Amidst the despair, however, good things were happening. Ludwig received an exciting account from August Spangenberg. August reported that the group from Herrnhut had made many friends while aboard the Simmonds on their way to Georgia. In London the ship had picked up General James Oglethorpe, the governor of the Georgia colony. Traveling with him was his secretary Charles Wesley, whose brother John was also on board. John was on his way to Georgia to work as an Anglican missionary. August wrote that he and John had enjoyed many enriching conversations together. John was very interested in the way the members of the Herrnhut community lived out their faith.

The following year Ludwig found himself in London, where he rented rooms for six weeks at Lindsey House in Chelsea. He had gone to London to talk about future plans for more Moravians to emigrate to Georgia. By then Charles Wesley had returned from America, and he was the man Ludwig dealt with on behalf of the Georgia colony.

Charles and Ludwig became friends almost immediately. Although Ludwig spoke limited English, the two men spent hours together speaking in Latin. They would often meet together at Lindsey House to pray and sing hymns. Charles introduced Ludwig to many Pietistic English men and women, and Ludwig enjoyed his fellowship with these like-minded Christians. It was also in England that people began referring to the Unitas Fratrum and the Herrnhut and Herrnhaag communities as the Moravian Church, and the name began to stick.

Soon after his return from England, Ludwig was ordained as a bishop in the Moravian Church. This did not mean that he gave up being a Lutheran pastor. Rather, Ludwig had the unique position of holding office in two denominations at the same time. He became a bishop in the church because he needed to be able to ordain other ministers among the Moravians. Many of the missionaries who had been sent out from Herrnhut were having difficulty because they were not ordained. They were forbidden to perform many pastoral tasks, such as conducting weddings, baptizing converts, and serving communion. Yet if they did not do these things, who would? In many instances, white traders, slave owners, and government officials blocked slaves and natives from attending the Moravians’ churches.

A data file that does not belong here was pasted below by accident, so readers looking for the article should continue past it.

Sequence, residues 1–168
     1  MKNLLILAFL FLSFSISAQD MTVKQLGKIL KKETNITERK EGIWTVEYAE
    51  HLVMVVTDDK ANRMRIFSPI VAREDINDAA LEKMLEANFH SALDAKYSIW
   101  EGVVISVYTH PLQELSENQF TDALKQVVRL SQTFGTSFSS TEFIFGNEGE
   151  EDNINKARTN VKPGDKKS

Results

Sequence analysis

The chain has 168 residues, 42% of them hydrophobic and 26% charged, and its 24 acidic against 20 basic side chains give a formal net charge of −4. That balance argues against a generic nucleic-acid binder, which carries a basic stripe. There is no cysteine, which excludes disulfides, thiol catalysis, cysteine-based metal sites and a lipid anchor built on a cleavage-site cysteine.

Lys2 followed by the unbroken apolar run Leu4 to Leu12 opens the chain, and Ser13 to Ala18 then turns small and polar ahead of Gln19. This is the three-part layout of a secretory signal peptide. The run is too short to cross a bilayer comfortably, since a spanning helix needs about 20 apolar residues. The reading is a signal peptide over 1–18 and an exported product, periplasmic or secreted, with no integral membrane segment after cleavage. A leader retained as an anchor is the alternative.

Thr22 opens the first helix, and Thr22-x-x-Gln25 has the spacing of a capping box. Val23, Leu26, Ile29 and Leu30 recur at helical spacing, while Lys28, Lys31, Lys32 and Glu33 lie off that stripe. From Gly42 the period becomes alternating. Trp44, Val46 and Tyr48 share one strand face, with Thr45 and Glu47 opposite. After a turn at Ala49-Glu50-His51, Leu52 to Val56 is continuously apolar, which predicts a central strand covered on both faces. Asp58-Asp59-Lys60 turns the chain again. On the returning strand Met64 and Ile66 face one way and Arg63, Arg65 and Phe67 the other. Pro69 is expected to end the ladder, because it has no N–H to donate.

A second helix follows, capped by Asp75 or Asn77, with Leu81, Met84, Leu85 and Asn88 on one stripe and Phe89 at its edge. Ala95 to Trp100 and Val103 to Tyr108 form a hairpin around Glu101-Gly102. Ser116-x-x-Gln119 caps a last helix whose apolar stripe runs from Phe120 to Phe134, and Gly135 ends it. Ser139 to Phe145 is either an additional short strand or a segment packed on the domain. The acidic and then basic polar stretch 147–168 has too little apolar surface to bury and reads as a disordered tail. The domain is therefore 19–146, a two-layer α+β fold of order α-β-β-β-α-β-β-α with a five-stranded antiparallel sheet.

Some people thought that Ludwig had changed from being a Lutheran to being a Moravian, but the truth was that he had little time for people who concerned themselves too much about what denomination a Christian belonged to.

“Is not the greatest unity to agree that souls think differently?” one Moravian asked Ludwig.

“Yes,” Ludwig replied. “That is the real bond of unity. Nature is full of different creatures of different inclinations, and it is the same in the spiritual world. We must learn to regard various ways of thinking as something beautiful. There are as many religious ideas as there are believing souls, so we cannot force everyone to measure up to the same yardstick. Only God, according to His infinite wisdom, knows how to deal with every soul.”

As life in exile progressed for Ludwig, the elders at Herrnhut wrote to him regularly and often visited Herrnhaag. Meanwhile, Erdmuth produced a tenth and then an eleventh child. Johanna was born August 4, 1737, and David, on October 22, 1738. Two months after David’s arrival, four-year-old Anna died. She was buried in God’s Acre, the community cemetery at Herrnhaag.

With the expansion of the Unitas Fratrum community, the missionary work continued to expand. Soon George Schmidt volunteered to go to work among the Hottentot tribe in South Africa. Although the Dutch East India Company had ruled South Africa for one hundred years, it had done nothing to share Christianity with the Hottentots. In fact, quite the opposite was true. The Dutch clergymen in South Africa referred to the Hottentots as “black cattle” and preached that they had no souls and belonged to a race of baboons. All of this touched the hearts and consciences of the Moravians, who gladly sent George off to work among their black brothers.